Mackay: Although I agree with the platform concept, I completely buy in to best-of-breed. Best-of-breed needs to be available, but isn't necessarily the best solution. What you need to be able to do is to enable best-of-breed if [the customer] wants to be able to do best-of-breed.
InfoWorld: What about XML?
Mackay: XML has really helped in the sense that the hype around it has managed to give everybody something to galvanize around. People almost just assume that the technology is going to help. And they go, "Yes, yes. You got XML? Great stuff, man. I need that." So it's helped from that perspective.
And one of the important things about XML [is] if you look at a business process from order to cash, you've got stuff behind the firewall here and there. If you can [agree] on what goes across those firewalls, at least 70 percent [of it can be XML-based] and then letting the dynamics kick in for the other 30 percent, you're going to be able to have a dynamic business process.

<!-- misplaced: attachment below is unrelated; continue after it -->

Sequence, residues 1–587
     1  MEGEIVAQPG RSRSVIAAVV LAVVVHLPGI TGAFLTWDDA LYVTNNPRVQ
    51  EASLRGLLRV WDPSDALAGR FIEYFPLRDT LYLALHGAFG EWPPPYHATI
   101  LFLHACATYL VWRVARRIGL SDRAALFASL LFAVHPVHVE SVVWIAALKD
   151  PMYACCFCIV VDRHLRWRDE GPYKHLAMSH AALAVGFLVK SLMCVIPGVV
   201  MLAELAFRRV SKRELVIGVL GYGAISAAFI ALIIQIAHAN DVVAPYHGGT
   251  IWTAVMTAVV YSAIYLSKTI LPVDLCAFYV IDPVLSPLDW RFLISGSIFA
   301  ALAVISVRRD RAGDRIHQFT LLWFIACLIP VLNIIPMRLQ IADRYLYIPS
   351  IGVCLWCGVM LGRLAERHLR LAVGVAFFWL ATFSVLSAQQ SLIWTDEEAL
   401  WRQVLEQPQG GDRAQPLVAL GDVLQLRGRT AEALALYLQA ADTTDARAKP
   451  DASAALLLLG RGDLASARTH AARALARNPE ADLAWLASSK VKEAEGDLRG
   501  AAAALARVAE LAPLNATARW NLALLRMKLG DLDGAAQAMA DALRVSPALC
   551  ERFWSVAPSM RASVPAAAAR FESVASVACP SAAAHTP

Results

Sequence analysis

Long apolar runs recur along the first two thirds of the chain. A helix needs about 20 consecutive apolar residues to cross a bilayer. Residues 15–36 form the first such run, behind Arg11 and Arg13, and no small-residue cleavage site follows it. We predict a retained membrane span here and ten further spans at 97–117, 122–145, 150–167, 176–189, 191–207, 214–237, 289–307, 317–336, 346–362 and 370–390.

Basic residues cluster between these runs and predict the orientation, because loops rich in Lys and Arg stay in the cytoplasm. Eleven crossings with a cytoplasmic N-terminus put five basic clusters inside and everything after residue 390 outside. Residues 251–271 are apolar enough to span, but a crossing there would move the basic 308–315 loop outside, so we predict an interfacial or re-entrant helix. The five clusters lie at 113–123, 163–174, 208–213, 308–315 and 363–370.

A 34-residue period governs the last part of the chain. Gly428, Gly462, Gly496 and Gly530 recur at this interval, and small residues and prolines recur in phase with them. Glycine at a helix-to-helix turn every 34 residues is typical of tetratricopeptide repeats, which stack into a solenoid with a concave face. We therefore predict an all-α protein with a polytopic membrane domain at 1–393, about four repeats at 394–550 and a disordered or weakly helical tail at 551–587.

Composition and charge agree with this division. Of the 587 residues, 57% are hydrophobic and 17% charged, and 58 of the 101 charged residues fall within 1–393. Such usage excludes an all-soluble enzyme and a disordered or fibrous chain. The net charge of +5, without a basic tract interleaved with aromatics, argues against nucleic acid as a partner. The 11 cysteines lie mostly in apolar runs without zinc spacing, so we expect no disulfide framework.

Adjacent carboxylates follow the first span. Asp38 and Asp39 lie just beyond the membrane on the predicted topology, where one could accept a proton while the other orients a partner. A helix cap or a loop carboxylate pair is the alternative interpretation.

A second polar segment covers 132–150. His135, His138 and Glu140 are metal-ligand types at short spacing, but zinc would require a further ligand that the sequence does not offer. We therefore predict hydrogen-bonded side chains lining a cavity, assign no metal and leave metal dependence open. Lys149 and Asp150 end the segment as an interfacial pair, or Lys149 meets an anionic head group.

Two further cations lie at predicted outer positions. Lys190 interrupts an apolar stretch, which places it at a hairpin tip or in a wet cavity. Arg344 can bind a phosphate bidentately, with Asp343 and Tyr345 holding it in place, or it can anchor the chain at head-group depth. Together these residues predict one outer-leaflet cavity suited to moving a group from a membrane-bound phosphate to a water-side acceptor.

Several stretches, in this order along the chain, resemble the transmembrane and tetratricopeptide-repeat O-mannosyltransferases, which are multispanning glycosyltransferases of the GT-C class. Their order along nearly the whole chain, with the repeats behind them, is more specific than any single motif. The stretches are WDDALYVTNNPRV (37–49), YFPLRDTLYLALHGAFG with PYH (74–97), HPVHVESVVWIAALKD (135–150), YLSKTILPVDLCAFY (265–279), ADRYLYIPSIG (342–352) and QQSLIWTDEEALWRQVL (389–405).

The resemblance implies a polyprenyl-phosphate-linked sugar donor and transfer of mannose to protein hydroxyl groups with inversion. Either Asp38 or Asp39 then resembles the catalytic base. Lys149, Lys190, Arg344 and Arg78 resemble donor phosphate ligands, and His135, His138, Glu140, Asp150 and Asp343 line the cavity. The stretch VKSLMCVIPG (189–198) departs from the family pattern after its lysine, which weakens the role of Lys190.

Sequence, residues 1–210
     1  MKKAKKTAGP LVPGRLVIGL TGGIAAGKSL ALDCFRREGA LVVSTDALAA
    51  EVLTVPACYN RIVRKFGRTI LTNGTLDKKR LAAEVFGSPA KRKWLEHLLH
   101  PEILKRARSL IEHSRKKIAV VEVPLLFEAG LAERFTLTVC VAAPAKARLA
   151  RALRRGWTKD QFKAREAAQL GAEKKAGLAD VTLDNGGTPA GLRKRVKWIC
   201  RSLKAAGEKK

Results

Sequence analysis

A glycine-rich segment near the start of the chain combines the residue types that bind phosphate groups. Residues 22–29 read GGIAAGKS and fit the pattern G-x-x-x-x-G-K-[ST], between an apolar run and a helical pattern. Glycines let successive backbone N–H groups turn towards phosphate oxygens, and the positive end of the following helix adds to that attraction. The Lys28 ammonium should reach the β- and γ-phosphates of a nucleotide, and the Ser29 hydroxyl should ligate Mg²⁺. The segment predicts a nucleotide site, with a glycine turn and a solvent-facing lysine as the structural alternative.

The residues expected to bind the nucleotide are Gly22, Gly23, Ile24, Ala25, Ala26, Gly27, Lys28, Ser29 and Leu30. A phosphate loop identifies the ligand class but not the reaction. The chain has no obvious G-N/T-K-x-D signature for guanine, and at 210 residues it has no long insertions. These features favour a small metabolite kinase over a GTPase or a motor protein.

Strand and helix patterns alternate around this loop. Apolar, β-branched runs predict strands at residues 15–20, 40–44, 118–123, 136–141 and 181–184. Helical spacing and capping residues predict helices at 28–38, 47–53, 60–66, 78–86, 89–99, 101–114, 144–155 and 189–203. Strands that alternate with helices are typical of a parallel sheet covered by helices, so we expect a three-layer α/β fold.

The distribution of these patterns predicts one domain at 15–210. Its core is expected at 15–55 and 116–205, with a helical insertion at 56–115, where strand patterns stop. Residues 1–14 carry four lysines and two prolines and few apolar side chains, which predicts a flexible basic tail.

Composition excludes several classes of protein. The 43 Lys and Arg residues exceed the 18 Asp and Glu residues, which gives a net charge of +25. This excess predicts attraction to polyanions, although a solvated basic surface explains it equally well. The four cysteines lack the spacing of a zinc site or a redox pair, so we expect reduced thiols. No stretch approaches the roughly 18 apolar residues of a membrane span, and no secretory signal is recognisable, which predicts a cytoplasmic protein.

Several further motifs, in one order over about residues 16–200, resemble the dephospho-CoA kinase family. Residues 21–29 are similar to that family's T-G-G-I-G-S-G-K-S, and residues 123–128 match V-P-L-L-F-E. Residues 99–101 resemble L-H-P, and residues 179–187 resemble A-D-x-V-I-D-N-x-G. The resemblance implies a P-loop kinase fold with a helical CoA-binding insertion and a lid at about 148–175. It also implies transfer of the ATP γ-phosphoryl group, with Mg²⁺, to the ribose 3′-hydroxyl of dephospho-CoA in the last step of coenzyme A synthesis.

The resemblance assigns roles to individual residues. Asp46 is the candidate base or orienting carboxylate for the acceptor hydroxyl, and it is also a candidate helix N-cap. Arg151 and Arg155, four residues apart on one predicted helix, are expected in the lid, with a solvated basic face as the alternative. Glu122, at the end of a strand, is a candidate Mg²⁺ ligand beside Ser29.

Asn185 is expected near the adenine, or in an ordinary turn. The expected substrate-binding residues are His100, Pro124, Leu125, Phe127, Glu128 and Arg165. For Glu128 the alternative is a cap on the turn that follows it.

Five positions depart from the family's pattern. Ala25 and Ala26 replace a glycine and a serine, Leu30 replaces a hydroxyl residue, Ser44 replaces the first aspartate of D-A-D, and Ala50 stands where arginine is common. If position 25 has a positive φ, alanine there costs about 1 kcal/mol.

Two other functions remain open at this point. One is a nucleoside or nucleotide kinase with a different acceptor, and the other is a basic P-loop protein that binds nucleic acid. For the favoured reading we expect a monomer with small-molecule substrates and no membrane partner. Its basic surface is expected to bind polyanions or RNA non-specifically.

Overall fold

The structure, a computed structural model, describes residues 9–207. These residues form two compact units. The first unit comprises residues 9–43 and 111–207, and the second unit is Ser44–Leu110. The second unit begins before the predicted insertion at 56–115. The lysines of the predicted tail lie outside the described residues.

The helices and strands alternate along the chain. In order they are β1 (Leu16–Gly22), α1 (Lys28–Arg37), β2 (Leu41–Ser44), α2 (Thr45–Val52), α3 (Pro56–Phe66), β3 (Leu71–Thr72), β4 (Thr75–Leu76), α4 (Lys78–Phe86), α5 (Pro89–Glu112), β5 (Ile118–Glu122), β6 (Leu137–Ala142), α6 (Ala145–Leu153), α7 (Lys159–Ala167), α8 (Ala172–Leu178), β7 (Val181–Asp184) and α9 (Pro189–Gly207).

InfoWorld: What do you mean by 'dynamic business process?'
Mackay: It's just like going to a marketplace and negotiating with somebody over melons: [It's] the dynamic aspects of the workflow that you need to put in place between a buyer and seller -- you need to be able to respect that [online]. And you can get a lot of those dynamics because XML allows you to fairly dynamically describe not only what it is you're looking for, but to be able to put some level of dynamics around the dialogue that you're going to have between the two.
InfoWorld: Do you use these processes to handle exceptions or for rules that you can build in?
Mackay: Yes. Or even to say, "I want to describe to you what my business process looks like so that you can understand it, and you can respond better to what it is that I'm trying to do." In other words, I'm going to give you visibility, for instance, into not only my end demand, but what's driving my end demand.
InfoWorld: What's the business advantage of building private exchanges around suppliers? How does that affect a company's manufacturing plans?
Mackay: I can modify my supply-chain model based on demand signals. I'm also getting real-time supply signals that I can choose to react to if I want to. In the old days, you'd pull on all this demand and you went chunk-a-chunk-a-chunk and you said, "Here's the plan." Now what you can do is pull demand in and you can say, "I think I can do this plan." Let me ask my suppliers in real time whether or not they can support this plan and react to the signals coming back.
InfoWorld: Why have public exchanges run into so much trouble?